I understand. But with PWM you will know where position 90 or 180 degrees would be as an example. They will always be in the same place everytime you do a move. You instruct motor/servo to move to position 34, it moves there as fast as the motor can get it there. But position 34 will always be in the same location. 

If you are unsure it will be what you need, buy one and test it.

And to be clear the picture above motor, works exactly as a servo like the EZ Robots products come with.
#12   — Edited
Forgive me if this has already been covered. For DC motors, If you need position and speed control at all times then you need to add a device that will give you feedback as to what is exactly happening with the motor shaft. Encoders or pots will give you feedback. You can position them at the center of movement either on the joint moving or on the shaft of the motor. The motor shaft is the best option if you can find a way to mount it. 

If using a pot you can attach it directly to the EZB ADC ports and measure the voltage change as the pot moves. There is no need to home a pot because you always get a reading as to where the pot is by reading the voltage. I've done this and the scripting wasn't too hard to figure out. Just write a script that reads the voltage on the ADC port, set your PWM for speed, have ARC watch the Voltage level on the ADC port and stop the motor when it reached the position that corresponds to the voltage on the pot.  Ramping up speed was simple using PWM percent commands in a script increasing slightly from 0 to the speed you want. but getting it to ramp down was near impossible. There may be anb Example Project by Rich in the EZ Cloud.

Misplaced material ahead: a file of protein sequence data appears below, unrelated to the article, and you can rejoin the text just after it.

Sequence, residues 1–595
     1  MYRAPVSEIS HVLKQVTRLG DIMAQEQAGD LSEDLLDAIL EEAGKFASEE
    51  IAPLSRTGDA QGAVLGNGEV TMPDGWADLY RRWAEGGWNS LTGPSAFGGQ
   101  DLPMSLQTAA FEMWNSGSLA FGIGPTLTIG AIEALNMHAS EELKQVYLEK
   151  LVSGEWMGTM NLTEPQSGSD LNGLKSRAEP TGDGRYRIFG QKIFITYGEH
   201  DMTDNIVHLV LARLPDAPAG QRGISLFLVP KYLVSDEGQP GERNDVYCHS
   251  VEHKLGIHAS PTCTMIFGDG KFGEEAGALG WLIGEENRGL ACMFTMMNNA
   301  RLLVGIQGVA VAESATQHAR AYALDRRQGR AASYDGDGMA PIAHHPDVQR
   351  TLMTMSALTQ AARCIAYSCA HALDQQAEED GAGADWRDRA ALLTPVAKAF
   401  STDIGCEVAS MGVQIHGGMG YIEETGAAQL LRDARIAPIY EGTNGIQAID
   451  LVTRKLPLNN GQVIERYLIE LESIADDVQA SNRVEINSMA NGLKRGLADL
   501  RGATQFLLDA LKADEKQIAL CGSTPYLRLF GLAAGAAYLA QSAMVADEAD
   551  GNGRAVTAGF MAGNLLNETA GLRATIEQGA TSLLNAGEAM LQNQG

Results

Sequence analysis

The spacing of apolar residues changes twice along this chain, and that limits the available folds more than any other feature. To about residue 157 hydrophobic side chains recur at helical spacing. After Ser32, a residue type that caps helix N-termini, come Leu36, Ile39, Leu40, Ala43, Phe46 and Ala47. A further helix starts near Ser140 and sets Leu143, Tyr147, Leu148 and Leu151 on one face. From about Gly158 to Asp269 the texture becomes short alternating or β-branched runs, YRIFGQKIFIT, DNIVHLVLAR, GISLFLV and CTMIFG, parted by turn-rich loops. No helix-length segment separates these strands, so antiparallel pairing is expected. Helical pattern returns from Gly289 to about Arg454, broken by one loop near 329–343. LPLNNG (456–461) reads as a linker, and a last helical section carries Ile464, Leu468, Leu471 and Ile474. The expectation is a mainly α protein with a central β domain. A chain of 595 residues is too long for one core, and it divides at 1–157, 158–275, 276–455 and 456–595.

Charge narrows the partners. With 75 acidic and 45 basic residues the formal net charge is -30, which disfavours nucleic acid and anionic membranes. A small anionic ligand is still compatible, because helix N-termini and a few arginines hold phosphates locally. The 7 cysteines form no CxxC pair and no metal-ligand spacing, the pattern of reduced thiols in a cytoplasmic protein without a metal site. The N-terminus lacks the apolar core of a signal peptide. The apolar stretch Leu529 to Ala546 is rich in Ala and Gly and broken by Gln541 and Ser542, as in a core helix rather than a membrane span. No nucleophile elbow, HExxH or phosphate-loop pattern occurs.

I like using encoders but the EZB can't natively read one and send the information back to ARC. For that you will need a motor controller like a Sabertooth with a Kangaroo attached or a Roboclaw. You can attach these to the EZB's serial port and send simple serial commands to these controllers and let them handle all the work. With encoders you will have to home each one before you can use the robot. Sending a moning command to the controller will tell the comptroller to find the end and center points and move the motor to one of these. ARC needs to know where the encoder is sitting and it's endpoints before it can send any useful commands.

If I'm correct I think there was just a ARC upgrade that will let it watch rotary encoders buy you may still need another device. Sorry, I'm not up to speed on this one and may be wrong.

Encoders can be found in all sizes and some DC motors already have them attached. If you notice the pictures the guys attached above have a little stub od motor shaft sticking out the back end of the motor. This is where you can attach a small encoder if you can find a way to screw it of glue it down securely. I don't know what you motor requirements are for power and speed but ServoCity has a nice selection of DC motors that already have encoders attached to the rear of the motor. I have one a couple of these in my robot and thee work wonderfully. I use a Sabertooth with a Kangaroo attached and send simple serial commands through EZB's serial port to control the motor. 

Here's a motor with encoder at ServoCity that just may work for you: https://www.servocity.com/38-rpm-premium-planetary-gear-motor-w-encoder
Here's a link to servoCity's motor page: ServoCity DC Motors
Here's a link to Dimension Engineering where you can find the Sabertooth and Roo: https://www.dimensionengineering.com/

If you are using a servo you can remove it's pot and locate in on the robot's joint. Or you could also just leave the pot in the servo and tap off it from there. DJ mentions tapping off the servo's internal control board. You could get ACD voltage readings through the ADC ports of EZB from a servo these ways and write scripts like I mentioned above. 

Hope this helped. Have fun.